Corporate paycheck vs small business owner’s income.


– Hello, I am Patricia Bottero St-Jean, founder of OPEN FOR BUSINESS and business research strategist. What do you think of this
assumption about small businesses? I often hear people say: “I make this much as
employee of this company, there’s no way I would be able to make this kind of salary
owning my own business.” So before you answer
this, let’s consider this: Your paycheck, your XYZ paycheck, that your employer is what your employer deems is your worth, based on their understanding
of your abilities. So you can be sure that they
go through great lengths in asserting how fit
you are for the position that you continue applying for, of course. Hence the bottomless
scrutiny on your resume, many rounds of interviews, and checking as much of your past and private life, as possible,
including social media. The bottom line, it’s expensive
to hire the wrong employee, so of course companies have developed very thorough systems
to ascertain your worth and how much they should pay you and to estimate your chances of success in that particular job
that you’re applying for. So, of course, this is nothing new to you, but on the other hand, the moment you’re considering
starting a business, who is ensuring that
you’re going to succeed as owner of this business, which might either be a
new, independent startup from your idea that you have, or developing a turnkey concept, like a franchise unit, or
acquiring a for-sale business? No one, except maybe your
own, subjective self, and often, we are too biased. This is why many smart,
talented, and educated people fail as small business owners. Not because they cannot run a business, but because they don’t subject themselves and the business they are considering to the kind of due diligence corporations exercise
when hiring employees and matching them to a position. The bottom line, if you want
to succeed as business owner, you need to qualify yourself, as if you’re hiring staff
for the position of owner of that particular business
that you’re considering. So how do you do this? This is the hardest task
of all for most of us. Identifying your talents,
skills, and your strengths, and matching them to the businesses where they are highly transferrable. It also means that it doesn’t matter if the business is so hot that it makes a bazillion
dollars for others, that it’s highly profitable. Finding out if the business
is economically viable, of course, is important, but not as important as choosing one where your special talents, your skills, your unique behaviors, will shine and are exactly what will
make this business succeed and you be at your happiest. And yes, I can hear you think, “Of course I knew that!” But still, from my experience, the majority of new, small business owners only focus on what the business can do, its secret sauce, its
uniqueness, its products, if it’s recession resistant or not, if it’s riding a hot trend
that everybody is raving about, and even how it socially looks on them. And they omit to evaluate themselves against that particular business needs. Or they’re working with a business broker, or consultant, who focuses on ensuring that the sale transaction happens, regardless of the eventual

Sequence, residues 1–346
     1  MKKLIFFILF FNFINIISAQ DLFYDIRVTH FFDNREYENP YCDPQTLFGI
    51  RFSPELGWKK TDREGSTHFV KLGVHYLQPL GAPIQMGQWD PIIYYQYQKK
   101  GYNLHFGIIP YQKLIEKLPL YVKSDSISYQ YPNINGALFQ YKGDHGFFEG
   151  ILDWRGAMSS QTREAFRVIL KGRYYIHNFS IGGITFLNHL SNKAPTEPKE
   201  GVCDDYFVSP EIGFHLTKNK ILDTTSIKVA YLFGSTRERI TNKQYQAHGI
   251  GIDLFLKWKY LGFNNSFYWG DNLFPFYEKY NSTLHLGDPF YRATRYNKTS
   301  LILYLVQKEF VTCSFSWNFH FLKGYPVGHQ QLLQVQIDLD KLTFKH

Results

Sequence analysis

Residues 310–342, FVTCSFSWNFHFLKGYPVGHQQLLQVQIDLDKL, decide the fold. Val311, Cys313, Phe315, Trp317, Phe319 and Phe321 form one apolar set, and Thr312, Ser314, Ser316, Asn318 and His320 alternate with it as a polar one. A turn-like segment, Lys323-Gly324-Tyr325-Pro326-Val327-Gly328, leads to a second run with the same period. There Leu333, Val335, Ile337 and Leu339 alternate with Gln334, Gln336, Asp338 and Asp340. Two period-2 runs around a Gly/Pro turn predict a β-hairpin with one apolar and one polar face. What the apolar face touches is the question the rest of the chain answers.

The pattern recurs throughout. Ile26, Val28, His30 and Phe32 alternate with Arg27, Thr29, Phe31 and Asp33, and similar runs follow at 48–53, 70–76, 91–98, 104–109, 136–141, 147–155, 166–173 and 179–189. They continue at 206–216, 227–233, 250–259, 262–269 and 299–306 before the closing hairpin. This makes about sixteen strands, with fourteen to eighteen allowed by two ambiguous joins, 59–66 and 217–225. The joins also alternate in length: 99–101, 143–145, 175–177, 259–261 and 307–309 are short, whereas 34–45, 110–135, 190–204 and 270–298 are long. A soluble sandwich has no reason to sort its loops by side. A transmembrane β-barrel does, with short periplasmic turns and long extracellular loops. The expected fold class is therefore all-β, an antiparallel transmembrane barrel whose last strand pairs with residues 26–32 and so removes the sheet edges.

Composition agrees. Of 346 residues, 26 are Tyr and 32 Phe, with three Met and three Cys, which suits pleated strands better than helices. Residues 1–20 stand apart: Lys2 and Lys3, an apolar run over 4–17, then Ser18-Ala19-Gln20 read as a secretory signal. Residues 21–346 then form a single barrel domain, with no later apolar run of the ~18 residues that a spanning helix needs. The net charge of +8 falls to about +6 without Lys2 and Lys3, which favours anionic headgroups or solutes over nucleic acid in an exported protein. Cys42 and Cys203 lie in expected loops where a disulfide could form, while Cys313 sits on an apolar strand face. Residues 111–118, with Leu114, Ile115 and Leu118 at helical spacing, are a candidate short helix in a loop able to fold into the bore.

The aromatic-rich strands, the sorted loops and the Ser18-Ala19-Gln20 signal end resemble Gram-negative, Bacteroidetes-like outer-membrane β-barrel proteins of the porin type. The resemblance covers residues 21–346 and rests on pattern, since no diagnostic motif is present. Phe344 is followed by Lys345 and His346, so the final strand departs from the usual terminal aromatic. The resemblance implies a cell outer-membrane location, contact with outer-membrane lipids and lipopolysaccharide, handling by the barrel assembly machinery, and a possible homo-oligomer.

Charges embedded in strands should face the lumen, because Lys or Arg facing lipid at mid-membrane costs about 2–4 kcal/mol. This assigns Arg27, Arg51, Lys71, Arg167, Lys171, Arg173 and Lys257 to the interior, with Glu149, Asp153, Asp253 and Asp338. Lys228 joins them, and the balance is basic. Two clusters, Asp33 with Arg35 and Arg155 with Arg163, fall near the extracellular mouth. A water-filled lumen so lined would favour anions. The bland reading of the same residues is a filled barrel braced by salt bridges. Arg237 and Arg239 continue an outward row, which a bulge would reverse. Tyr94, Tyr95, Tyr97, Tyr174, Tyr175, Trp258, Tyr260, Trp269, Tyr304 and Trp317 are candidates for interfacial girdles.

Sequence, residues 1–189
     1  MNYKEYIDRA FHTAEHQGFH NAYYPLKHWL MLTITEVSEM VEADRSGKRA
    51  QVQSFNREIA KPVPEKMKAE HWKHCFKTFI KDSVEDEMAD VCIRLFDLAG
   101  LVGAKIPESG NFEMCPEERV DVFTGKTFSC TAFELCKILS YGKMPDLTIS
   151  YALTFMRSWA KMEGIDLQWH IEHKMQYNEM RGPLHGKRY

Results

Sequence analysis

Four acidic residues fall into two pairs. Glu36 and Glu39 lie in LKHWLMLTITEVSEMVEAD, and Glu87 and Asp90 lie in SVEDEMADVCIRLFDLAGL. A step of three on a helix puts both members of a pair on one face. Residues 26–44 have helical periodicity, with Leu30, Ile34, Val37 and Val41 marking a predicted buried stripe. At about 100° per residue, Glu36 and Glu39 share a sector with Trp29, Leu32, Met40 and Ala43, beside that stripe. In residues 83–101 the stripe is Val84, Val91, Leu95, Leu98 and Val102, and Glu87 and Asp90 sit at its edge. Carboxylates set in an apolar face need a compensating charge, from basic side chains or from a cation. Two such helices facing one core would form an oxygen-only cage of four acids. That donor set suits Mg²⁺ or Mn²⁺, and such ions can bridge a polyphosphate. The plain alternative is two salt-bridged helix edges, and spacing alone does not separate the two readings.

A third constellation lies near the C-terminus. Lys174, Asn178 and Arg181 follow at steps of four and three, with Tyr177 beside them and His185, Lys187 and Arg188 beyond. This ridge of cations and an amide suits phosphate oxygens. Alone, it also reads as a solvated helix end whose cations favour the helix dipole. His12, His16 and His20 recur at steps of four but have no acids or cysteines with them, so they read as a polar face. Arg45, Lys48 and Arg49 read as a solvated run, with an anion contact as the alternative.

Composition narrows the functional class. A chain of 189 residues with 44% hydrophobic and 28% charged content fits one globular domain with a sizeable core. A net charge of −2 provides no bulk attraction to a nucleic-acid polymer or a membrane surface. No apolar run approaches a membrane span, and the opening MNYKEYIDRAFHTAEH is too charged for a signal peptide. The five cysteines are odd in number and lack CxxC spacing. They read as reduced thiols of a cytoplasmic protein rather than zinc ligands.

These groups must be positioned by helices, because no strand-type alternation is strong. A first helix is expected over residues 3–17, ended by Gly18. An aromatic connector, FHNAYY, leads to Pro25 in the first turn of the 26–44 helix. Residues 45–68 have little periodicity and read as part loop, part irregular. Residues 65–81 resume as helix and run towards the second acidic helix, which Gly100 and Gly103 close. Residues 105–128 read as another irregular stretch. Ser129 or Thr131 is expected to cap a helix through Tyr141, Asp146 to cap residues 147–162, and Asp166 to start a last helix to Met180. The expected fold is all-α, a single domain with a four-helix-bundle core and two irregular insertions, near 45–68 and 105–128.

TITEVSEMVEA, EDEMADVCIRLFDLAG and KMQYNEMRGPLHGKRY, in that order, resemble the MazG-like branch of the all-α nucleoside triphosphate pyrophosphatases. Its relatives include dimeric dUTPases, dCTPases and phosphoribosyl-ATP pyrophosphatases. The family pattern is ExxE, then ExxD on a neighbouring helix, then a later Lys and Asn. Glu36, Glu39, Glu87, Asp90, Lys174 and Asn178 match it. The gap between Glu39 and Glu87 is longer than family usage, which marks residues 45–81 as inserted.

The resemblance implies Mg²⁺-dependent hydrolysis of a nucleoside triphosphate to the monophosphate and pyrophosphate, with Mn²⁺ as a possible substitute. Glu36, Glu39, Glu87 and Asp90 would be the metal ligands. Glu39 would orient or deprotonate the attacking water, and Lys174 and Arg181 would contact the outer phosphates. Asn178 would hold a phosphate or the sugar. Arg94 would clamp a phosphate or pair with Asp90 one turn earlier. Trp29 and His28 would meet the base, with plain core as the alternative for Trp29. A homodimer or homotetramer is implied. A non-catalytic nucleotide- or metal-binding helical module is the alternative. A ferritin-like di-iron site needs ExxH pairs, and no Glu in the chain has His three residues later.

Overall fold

outcome for you and the business. But that’s one of the traps to avoid. One of the reasons is that we often
overestimate our weaknesses, and we take our strengths for granted. This is typical human nature, and it’s not easy to truly
understand ourselves, as future business owners. We can only guess what that job entails. So here are a few tips
that you might consider. #1 Find out what the top
three unique abilities of business you’re considering
needs from its leader to be profitable. #2 Do you have these talents, or will you need to either
learn them or outsource them? #3 If you don’t have these talents, skills, or abilities, can
you and are you willing to acquire them? #4 How much will it cost in time and money for you to learn these new skills? And #5 If you don’t want
or cannot learn them, can these tasks that require these skills be delegated or outsourced? And #6 would that business be able to pay for that expense early on? So you can see, just like any job, matching your genius
and your qualifications to the business that
you’re considering starting is one of the keys to picking
the right business for you. That’s where your abilities
are truly capitalized and where you can cash in on all the experience and knowledge that you have acquired as an employee and that you will continue
to grow as a business owner. That’s how you can put all your chances of success on your side. And remember, your employer
had determined your worth, and so can you by finding the business where you will succeed and grow as far as you’re willing to go. This is where I help
aspiring business owners, like yourself, perhaps. I teach how to transition from
employee to business owner by showing you how to
identify your strengths and how to match them to a
business that needs them. Thank you for watching. If you would like to receive more tips on finding the right business for you, please subscribe to my channels on YouTube or Vimeo, or you can connect with me on
social media, if you’d like. But I also invite you to join me on my upcoming, free webinar, where we discuss how to choose
the right business for you so that you can succeed easier and faster in that business. Cheers to building a life we love.

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